A New York Police Department whistleblower who took a bullet during a drug raid more than 50 years ago is calling on prosecutors to reinvestige the shooting.
Frank Serpico, 87, wants answers about being shot during a Feb. 3, 1971 drug raid.
"For years, I didn't want to believe I was set up — that's one," Serpico told the Daily News. "And two, I thought, 'How are you going to prove it?' I want to clear the record for history, what Frank Serpico did and the price he had to pay."
When he was shot, Serpico already was getting death threats and being scorned by NYPD colleagues — nine months before he was to appear before a commission probing police corruption.
Brooklyn District Attorney Eric Gonzalez received the request from Serpico's attorney, Peter Gleason.
"Many works of fiction have attempted to memorialize that evening in February 1971, yet the reality of Serpico being set up by his NYPD colleagues to permanently silence him has never been investigated," Gleason wrote to Gonzalez.
"The public narrative on this tragedy is filled with fantasy."
Gonzalez's office "received the letter and" is "reviewing the request," a spokesman told the Daily News.
Departing NYPD Commissioner Keechant Sewell also received Gleason's request for Serpico's police employment medical and personnel records.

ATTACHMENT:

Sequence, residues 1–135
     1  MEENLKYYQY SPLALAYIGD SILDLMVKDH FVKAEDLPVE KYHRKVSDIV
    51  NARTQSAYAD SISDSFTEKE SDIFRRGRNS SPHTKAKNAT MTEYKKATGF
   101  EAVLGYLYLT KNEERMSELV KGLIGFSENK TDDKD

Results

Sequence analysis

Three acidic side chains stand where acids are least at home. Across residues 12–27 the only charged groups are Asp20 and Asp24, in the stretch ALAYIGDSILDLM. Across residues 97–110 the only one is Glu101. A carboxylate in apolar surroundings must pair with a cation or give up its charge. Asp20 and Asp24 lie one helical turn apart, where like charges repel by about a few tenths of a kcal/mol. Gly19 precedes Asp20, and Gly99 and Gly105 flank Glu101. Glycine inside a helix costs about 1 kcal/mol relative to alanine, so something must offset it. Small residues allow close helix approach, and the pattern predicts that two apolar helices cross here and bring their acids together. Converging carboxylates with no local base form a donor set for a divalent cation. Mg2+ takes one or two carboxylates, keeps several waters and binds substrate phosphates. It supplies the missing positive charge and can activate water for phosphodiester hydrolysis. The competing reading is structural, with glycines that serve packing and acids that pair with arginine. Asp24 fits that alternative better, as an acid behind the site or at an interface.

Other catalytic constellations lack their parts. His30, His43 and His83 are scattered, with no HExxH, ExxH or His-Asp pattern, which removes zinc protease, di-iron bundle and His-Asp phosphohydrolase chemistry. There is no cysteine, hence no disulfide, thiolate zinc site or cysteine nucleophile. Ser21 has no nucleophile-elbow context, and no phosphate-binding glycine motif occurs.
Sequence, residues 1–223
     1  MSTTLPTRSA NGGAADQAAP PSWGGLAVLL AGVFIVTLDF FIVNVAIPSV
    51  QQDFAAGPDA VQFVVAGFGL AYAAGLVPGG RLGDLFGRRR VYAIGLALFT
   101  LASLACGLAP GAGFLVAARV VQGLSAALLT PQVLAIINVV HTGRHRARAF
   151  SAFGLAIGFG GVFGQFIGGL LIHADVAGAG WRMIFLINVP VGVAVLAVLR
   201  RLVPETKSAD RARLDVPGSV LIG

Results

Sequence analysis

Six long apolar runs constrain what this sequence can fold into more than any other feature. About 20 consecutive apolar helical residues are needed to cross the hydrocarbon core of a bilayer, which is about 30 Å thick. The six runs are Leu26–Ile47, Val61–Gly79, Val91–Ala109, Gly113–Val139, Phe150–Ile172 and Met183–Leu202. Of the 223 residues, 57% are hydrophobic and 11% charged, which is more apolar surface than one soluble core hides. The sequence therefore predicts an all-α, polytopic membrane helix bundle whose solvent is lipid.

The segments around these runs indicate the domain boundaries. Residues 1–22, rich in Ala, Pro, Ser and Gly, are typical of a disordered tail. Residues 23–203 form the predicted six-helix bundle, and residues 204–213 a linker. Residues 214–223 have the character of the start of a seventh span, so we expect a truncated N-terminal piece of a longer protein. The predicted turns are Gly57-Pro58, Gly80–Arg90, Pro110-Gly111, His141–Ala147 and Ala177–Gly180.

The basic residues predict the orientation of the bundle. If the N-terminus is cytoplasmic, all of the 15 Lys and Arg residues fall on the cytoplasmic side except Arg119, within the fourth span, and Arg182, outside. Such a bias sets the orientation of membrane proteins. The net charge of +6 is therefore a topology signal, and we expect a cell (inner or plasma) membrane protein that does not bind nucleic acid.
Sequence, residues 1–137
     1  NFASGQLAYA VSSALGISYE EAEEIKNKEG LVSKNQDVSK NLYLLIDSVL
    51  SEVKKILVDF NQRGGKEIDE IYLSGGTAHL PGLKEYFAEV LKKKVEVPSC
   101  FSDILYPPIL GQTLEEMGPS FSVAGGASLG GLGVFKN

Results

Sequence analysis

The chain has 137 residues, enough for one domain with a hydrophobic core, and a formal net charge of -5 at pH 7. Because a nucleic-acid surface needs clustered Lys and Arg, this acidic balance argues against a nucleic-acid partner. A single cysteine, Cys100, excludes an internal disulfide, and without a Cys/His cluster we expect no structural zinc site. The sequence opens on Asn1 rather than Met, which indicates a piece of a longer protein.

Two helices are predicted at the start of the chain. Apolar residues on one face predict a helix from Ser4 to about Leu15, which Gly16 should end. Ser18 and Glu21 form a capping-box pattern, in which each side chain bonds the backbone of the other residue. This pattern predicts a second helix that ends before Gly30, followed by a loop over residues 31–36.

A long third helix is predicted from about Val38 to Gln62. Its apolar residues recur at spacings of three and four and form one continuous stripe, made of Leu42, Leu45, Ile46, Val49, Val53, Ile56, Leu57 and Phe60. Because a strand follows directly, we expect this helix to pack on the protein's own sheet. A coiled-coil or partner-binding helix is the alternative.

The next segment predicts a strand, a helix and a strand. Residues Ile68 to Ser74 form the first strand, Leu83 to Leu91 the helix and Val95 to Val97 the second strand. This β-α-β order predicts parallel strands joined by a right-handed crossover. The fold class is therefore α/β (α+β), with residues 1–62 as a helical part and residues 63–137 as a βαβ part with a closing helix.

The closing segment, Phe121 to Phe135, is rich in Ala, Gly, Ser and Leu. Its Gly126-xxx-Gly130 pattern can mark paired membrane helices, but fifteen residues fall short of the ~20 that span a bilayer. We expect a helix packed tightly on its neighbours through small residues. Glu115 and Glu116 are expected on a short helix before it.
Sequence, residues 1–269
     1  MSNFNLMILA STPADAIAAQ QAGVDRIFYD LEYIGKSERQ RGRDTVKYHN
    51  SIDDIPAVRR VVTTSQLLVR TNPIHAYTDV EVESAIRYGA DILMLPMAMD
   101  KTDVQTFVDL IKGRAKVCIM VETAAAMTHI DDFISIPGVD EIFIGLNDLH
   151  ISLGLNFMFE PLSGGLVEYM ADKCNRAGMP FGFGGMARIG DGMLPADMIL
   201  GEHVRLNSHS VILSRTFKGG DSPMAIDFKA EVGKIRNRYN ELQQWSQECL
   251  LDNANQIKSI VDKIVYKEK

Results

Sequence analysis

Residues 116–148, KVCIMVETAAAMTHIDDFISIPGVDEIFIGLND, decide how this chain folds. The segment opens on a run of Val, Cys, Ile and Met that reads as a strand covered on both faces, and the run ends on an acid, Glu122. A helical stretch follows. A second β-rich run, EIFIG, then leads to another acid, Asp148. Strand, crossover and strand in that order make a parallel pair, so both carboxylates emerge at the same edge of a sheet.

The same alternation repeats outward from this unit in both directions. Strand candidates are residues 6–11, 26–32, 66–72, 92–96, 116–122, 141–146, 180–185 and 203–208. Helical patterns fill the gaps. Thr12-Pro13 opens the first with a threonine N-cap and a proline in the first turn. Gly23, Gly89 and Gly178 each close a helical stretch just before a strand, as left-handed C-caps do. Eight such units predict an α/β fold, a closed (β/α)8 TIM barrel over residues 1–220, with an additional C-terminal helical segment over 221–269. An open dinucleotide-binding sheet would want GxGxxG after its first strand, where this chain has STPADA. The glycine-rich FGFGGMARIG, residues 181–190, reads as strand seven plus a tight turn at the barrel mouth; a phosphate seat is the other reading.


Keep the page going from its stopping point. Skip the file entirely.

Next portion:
The letter Gleason wrote to Gonzales mentioned "NYPD internal documents that defy logic and appear to be concocted in furtherance of discrediting Serpico," according to the Daily News.
Serpico remains upset about the reporting on his shooting, including books and a 1973 movie for which Al Pacino won a Golden Globe Award for playing his character.
"I'm bothered by other people telling my story," he said. "They're distorting the facts.
"There was no 10-13 call, bottom line. That speaks volumes."
A 10-13 is a call for police assistance.
Serpico received a NYPD Medal of Honor in February 2022 from New York City Mayor Eric Adams.
"If people had taken heed of what Frank Serpico brought to light, numerous corruption scandals over the years might never have happened," Gleason told the Daily News. "For better or worse, the NYPD created this situation and never investigated."
Serpico said he has "nothing against" the criminal who shot him, saying "he was doing what crooks do," but he wants transparency before he dies.
"I am 87 years old, and I want to go to the grave with the peace of mind that everything was done to determine the cause of me being shot that night," he told the Daily News. "I want my records, I want to see my files.
"This has been with me for over 50 years. The old story is walk a mile in my shoes. I don't want vengeance or retribution. I want the truth. I expect no less in a country like America."
Eric Mack has been a writer and editor at Newsmax since 2016. He is a 1998 Syracuse University journalism graduate and a New York Press Association award-winning writer.
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